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indian-parliament 400NEW DELHI: India's shaky government and the opposition locked horns on Thursday as parliament re-opened for a crucial session that will see a recent string of pro-market reforms being hotly contested.


The previous session was a washout with parliament passing just four bills because of disruptions from opposition protests over corruption, adding to a sense of malaise in India where economic growth has slumped alarmingly.


"We all have an obligation, in opposition as well as in government, to work together to enable our parliamentary democracy," Prime Minister Manmohan Singh said in an appeal to the opposition on Thursday.


"Our parliament has a very heavy legislative agenda during the winter session. I seek cooperation from my colleagues in the house."


Singh's ruling coalition lost its majority in September when a key ally withdrew its 19 MPs to protest against the government's decisions to hike fuel prices and allow foreign direct investment (FDI) in the retail sector.


Opponents have billed the measures as anti-poor, saying they are aimed at pandering to large foreign corporations.


Sushma Swaraj, leader of the main opposition Bharatiya Janata Party (BJP), warned the month-long session could be as stormy as the previous one, which ended on September 7.


"We want the house to run (but) there are several issues waiting to be discussed," she told reporters.


The BJP insists that the government promised last year that the decision to allow in foreign supermarkets would be made only with a consensus in parliament -- a stand which is disputed by India's ruling Congress party.


"There was no assurance in that sense of the word," Parliamentary Affairs Minister Kamal Nath said in the run-up to the session.


The first day is almost certain to see protests and a likely early adjournment.


Analysts say India's fractious opposition, which is yet to decide on testing the government's legislative strength with a no-confidence vote, want to keep Prime Minister Manmohan Singh's coalition nervous.


To survive a no-confidence vote -- which would prompt elections before their scheduled date in 2014 -- Singh's coalition will have to depend on outside parties, many of which are also hostile to foreign investment.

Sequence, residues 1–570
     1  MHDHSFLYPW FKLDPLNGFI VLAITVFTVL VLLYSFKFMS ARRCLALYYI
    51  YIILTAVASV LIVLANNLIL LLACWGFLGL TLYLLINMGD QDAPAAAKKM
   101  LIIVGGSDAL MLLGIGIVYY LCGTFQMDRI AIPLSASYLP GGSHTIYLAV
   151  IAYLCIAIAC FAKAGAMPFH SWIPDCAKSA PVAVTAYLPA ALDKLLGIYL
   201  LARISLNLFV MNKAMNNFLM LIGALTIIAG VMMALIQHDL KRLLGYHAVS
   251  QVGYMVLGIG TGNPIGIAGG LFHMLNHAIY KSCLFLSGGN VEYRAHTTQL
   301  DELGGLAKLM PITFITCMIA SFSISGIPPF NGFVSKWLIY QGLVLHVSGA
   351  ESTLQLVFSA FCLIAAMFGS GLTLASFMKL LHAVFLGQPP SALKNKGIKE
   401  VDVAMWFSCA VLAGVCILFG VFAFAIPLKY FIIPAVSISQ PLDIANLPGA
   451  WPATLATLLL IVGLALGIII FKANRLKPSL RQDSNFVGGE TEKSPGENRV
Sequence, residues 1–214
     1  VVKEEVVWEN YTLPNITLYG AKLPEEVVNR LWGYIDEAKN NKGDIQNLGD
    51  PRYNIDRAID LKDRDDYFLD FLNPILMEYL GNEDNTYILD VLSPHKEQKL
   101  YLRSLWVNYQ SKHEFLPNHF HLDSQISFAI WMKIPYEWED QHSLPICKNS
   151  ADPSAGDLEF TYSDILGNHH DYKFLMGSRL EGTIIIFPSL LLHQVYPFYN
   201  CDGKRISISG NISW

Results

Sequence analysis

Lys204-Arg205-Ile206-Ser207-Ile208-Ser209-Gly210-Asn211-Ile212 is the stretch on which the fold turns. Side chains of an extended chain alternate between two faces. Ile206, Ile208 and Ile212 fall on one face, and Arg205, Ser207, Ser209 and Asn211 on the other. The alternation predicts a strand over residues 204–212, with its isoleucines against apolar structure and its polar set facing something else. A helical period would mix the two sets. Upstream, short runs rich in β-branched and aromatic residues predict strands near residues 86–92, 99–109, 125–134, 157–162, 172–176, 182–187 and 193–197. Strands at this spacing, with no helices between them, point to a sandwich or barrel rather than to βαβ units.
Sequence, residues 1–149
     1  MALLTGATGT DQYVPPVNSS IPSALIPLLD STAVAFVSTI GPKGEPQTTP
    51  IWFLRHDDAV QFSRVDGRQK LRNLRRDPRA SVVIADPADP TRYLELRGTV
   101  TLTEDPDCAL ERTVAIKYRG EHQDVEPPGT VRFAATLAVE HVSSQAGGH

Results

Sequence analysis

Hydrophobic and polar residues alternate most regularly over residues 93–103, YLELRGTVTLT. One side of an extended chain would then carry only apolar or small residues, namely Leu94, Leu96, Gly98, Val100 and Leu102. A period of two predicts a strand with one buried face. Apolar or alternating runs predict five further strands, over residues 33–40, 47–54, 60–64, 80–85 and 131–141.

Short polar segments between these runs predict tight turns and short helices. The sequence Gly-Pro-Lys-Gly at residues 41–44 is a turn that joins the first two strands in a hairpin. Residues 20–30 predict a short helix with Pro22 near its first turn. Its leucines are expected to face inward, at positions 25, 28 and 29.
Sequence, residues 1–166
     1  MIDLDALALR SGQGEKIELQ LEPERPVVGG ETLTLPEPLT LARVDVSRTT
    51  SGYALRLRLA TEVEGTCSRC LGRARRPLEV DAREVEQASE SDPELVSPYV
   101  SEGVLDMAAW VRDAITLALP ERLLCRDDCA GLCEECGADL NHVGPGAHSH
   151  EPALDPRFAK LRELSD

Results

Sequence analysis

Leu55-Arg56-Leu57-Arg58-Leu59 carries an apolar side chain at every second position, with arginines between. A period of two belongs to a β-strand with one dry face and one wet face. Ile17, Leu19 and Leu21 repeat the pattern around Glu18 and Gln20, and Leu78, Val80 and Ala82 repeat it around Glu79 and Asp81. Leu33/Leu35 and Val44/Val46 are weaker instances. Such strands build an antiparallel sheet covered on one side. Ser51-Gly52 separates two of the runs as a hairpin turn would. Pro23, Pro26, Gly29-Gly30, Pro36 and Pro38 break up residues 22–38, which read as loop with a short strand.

Among the market-opening steps, the decision to allow foreign supermarkets into the retail sector did not require a vote, but opening up the gigantic insurance and pensions markets will require parliamentary approval.


The push for the pro-market reforms comes as the government faces a slowing economy, a gaping fiscal deficit and high inflation which has built pressure on the left-leaning ruling alliance.


The new session is also likely to take up a divisive anti-corruption draft law and a bill to protect whistleblowers.


Singh's government has been rocked by a string of graft accusations, including revelations that officials pocketed millions of dollars when awarding tenders for telecoms and coal-mining ventures.


According to the New Delhi-based think-tank PRS, 102 bills still pending include important legislation on issues like land acquisition, access to food, affirmative action for women and a host of anti-corruption initiatives.


"Our country is ailing while political institutions look increasingly corruption-ridden, opportunistic and effete in meeting national challenges," said The Times of India, the biggest English-language newspaper, in an editorial.


"At this hour of crisis, India's parliamentarians claim without exception that public interest is their top priority. The winter session will show if this is true."


Copyright AFP (Agence France-Presse), 2012


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